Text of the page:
On top of the 150,000 lives that have been lost to COVID-19 in the U.S., our society has suffered the loss of a shared and common decency. Instead of uniting against a lethal threat, this virus …
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On top of the 150,000 lives that have been lost to COVID-19 in the U.S., our society has suffered the loss of a shared and common decency. Instead of uniting against a lethal threat, this virus brings out the worst in certain people. The latest example is Rep. Ted Yoho.
According to a news reporter, Yoho, a Florida Congressman, confronted his fellow member of the House of Representatives, Rep. Alexandria Ocasio-Cortez, on a staircase in the Capitol and hurled insults at her. Though the accusations were collaborated by eyewitnesses, Yoho denied that he used profane remarks: “Having been married for 45 years with two daughters, I’m very cognizant of my language,” he said.
In her rebuttal, Ocasio-Cortez pointed out that Yoho committed the logical fallacy of confusing correlation with causation. Sure, some decent men have wives and daughters. But that alone does not make a man decent. In Ocasio-Cortez’s words, “Treating people with dignity and respect makes a decent man.”
This should not have to be explained to Yoho. And yet, here we are.
I’ve been ruminating on the word “decency.” While connotating a sense of modesty, decency also defines an appropriateness to a certain situation. The word is derived from a Latin root that had to do with wearing clothes. “Decent” meant the right fit.
Wearing clothes that fit is actually a low bar. We are not talking about our Sunday best. A shirt can fit properly even if it is dirty or torn.
And yet, it is a starting point.
Ocasio-Cortez is right to point out that Yoho is but a symptom of our culture that speaks of women in not only disrespectful but dehumanizing ways: “It is a culture of a lack of impunity, of acceptance of violence and violent language against women, an entire structure of power that supports that.”
Poignant words for all Americans to hear. I wonder if, as a decent starting point, men should simply be silent more often. There’s Biblical warrant for this: “My beloved brothers, every one of you should be quick to hear, slow to speak and slow to anger” (James 1:19). The term “toxic masculinity” is relatively new, yet it is notable that the ancient text commends silence as a way to control anger.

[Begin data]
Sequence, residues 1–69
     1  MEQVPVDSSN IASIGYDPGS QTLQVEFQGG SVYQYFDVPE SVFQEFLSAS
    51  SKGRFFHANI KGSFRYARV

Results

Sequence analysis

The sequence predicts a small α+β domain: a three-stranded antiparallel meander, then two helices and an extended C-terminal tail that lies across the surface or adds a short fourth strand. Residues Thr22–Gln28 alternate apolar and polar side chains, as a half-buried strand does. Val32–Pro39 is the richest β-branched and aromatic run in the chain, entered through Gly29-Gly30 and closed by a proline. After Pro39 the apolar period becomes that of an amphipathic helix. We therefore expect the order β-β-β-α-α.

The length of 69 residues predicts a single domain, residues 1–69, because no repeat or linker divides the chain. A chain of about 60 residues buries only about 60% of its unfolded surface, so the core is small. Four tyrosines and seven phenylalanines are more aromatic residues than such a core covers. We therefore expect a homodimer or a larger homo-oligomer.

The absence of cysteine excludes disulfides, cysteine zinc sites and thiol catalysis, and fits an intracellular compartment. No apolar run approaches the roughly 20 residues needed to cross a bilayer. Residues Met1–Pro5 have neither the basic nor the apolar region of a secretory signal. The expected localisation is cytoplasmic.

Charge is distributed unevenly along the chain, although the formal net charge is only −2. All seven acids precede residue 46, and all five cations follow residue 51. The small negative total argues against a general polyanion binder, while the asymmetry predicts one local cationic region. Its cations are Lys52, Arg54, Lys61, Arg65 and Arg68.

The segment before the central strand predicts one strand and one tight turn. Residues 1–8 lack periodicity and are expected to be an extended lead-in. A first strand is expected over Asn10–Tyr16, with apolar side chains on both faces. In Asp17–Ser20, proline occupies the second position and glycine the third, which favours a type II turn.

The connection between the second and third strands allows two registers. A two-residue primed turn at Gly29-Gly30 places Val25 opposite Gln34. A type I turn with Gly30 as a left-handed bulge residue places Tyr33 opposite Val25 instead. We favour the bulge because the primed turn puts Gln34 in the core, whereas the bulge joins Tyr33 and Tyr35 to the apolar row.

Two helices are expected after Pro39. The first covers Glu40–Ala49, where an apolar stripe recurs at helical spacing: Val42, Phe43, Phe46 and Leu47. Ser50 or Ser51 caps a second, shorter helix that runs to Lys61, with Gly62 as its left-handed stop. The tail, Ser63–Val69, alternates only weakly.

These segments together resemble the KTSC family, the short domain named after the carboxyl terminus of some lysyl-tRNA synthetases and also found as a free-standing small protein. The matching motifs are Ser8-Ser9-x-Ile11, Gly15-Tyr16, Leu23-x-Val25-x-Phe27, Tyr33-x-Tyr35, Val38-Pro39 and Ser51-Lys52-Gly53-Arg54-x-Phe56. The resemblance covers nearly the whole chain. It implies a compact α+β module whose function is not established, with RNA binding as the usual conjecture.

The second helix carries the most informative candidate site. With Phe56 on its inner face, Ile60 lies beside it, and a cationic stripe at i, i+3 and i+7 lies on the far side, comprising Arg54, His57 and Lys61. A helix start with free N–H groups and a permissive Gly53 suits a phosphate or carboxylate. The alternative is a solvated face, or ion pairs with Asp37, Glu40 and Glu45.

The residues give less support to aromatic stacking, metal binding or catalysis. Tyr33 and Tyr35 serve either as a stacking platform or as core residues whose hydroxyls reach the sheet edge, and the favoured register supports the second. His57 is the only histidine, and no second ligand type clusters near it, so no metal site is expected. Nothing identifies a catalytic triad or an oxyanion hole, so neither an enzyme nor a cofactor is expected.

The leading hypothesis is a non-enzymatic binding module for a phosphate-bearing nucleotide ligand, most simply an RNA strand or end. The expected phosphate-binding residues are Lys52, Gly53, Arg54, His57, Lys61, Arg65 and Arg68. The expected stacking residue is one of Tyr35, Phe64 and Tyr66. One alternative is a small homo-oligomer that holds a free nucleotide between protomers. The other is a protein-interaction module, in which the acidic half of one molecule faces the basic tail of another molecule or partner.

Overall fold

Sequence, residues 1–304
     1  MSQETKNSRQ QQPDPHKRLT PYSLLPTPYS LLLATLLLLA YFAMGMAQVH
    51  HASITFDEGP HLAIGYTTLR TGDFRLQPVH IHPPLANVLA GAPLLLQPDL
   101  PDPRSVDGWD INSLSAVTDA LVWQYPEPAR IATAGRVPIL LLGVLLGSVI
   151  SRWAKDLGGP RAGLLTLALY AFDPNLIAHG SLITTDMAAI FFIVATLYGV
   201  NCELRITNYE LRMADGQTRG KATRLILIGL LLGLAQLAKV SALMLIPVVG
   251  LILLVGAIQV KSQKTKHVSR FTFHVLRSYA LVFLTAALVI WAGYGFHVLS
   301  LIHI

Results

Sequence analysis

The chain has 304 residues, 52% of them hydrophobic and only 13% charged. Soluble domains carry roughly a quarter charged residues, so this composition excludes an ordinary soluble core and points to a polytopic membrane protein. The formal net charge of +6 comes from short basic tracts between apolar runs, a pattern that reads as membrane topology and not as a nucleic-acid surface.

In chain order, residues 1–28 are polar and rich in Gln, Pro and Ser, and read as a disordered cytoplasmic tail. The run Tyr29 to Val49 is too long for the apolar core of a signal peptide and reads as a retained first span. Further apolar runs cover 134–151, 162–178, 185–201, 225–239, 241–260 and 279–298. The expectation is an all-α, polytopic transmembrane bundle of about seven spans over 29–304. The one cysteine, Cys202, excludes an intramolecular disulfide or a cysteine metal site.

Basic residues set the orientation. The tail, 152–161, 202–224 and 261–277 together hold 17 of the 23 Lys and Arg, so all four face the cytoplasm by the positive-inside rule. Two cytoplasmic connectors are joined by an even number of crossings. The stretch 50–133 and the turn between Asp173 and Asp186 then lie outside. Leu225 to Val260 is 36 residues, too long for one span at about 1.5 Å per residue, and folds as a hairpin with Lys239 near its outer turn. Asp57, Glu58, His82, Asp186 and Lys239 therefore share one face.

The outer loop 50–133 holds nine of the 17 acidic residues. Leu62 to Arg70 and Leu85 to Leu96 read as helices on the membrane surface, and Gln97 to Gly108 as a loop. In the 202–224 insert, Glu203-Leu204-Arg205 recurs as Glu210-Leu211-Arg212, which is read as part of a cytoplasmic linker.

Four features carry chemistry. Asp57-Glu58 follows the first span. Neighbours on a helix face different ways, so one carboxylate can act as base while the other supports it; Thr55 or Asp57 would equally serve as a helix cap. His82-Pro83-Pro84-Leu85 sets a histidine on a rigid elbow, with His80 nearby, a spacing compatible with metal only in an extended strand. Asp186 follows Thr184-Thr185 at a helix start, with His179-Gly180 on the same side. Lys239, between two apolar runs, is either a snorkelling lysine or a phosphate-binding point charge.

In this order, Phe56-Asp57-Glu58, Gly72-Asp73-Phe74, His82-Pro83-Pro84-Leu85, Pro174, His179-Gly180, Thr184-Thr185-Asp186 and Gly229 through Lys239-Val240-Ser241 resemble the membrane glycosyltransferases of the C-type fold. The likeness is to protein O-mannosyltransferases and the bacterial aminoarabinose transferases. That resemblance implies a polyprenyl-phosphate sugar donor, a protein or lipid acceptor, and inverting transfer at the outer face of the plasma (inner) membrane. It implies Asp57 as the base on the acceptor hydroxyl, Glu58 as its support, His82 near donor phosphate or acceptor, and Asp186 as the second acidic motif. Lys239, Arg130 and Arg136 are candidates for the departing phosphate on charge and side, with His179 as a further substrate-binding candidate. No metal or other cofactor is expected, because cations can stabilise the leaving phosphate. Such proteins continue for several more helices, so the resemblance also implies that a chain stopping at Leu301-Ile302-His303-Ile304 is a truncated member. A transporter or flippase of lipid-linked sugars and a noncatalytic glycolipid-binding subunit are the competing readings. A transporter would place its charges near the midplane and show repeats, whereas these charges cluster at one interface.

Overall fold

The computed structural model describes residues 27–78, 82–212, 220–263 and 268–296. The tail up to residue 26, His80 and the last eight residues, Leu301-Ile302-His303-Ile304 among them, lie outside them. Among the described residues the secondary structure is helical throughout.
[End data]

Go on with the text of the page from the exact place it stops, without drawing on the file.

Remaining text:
When he does speak, a decent man might also take the counsel from the 13th-century Persian poet and Islamic scholar, Rumi: “Before you speak, let your words pass through three gates. At the first gate, ask yourself, ‘Is it true?’ At the second gate ask, ‘Is it necessary?’ At the third gate ask, ‘Is it kind?’” I think these Three Gates of Speech would go a long way toward Ocasio-Cortez’s definition of decency — treating people with dignity and respect.
Moreover, when I think of the men I’ve admired and try to emulate, they have all shared a common characteristic even though they came from different backgrounds, races and cultures. I’ll call this shared trait “quiet decency.” They did not attempt to appear strong by putting others down. They were not vain and did not need attention, especially not at the expense of someone else. Many of these men were soft-spoken. All of them chose their words carefully.
One of my mentors rarely had an unkind word for anyone. Except that, if he regarded someone as arrogant or cruel, he’d say, “He’s too big for his britches.”
Decency entails the right fit. In these dire times, an appropriate silence would be a starting point to unity in the face of our challenges. I’ll give Ocasio-Cortez the last word and ask that you, too, listen to her charge: “I will not allow people to change and create hatred in our hearts.”
Andrew Taylor-Troutman is the pastor of Chapel in the Pines Presbyterian Church and author of Gently Between the Words: Essays and Poems. He is currently working from home with his wife and three children.
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